Many other veteran reporters agree. For example, the Washington Post reported recently:
With the passage of the Patriot Act after the Sept. 11, 2001, terrorist attacks, a vast expansion of intelligence agencies and their powers, the aggressive exploitation of intrusive digital surveillance capabilities, the excessive classification of public documents and officials’ sophisticated control of the news media’s access to the workings of government, journalists who cover national security are facing vast and unprecedented challenges in their efforts to hold the government accountable to its citizens. They find that government officials are increasingly fearful of talking to them, and they worry that their communications with sources can be monitored at any time.So what are they doing? Many reporters covering national security and government policy in Washington these days are taking precautions to keep their sources from becoming casualties in the Obama administration’s war on leaks. They and their remaining government sources often avoid telephone conversations and e-mail exchanges, arranging furtive one-on-one meetings instead. A few news organizations have even set up separate computer networks and safe rooms for journalists trained in encryption and other ways to thwart surveillance.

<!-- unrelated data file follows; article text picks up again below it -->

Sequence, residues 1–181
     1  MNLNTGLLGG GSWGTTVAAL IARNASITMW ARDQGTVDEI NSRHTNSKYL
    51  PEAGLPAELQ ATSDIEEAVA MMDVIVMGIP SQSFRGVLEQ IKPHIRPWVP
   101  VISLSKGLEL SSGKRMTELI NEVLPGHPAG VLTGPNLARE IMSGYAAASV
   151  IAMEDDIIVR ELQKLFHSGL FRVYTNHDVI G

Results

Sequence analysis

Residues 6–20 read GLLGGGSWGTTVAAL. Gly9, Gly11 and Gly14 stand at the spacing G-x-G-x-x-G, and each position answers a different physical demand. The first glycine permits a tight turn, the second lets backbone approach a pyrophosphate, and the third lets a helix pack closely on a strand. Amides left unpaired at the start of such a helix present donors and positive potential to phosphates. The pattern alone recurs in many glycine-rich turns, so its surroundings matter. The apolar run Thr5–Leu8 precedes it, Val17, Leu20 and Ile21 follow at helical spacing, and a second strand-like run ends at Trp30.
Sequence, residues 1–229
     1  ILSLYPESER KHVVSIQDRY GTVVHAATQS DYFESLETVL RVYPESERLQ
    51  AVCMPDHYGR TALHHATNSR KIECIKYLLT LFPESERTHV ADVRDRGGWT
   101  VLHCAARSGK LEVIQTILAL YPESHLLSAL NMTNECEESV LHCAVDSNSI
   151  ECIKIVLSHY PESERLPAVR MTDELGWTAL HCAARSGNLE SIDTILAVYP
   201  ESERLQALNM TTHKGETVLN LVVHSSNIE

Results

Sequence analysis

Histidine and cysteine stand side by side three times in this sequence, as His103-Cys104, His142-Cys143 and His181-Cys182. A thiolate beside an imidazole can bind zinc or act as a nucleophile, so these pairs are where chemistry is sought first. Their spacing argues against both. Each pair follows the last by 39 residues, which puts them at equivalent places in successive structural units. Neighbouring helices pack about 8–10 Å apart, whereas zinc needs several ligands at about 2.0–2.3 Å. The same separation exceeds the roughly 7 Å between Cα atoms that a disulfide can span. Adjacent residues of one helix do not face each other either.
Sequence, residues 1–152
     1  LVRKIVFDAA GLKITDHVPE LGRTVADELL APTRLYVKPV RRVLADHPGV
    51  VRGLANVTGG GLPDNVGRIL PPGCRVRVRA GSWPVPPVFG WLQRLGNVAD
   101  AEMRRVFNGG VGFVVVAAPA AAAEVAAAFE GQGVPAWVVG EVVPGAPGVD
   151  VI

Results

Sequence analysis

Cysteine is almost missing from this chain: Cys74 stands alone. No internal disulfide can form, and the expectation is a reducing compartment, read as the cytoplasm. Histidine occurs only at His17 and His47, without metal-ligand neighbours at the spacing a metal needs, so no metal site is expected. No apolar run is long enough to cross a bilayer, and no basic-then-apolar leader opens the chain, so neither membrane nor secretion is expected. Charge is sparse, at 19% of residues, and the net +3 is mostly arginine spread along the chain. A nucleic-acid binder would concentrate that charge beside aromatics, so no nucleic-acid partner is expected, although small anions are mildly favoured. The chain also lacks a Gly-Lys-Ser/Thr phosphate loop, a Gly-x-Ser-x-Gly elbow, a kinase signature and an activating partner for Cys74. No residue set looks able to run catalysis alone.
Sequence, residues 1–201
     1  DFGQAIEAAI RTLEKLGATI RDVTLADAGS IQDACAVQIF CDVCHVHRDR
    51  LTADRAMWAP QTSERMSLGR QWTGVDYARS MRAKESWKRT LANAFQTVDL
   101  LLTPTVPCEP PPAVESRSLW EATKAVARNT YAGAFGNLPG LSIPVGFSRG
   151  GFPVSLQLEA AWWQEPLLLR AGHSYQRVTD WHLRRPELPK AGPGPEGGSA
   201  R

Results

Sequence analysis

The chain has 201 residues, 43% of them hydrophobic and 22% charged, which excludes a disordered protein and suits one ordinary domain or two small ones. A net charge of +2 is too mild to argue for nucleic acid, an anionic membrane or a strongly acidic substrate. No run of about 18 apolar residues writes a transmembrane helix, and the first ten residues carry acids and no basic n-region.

“I worry now about calling somebody because the contact can be found out through a check of phone records or e-mails,” said veteran national security journalist R. Jeffrey Smith of the Center for Public Integrity, a nonprofit accountability news organization. “It leaves a digital trail that makes it easier for government to monitor those contacts.”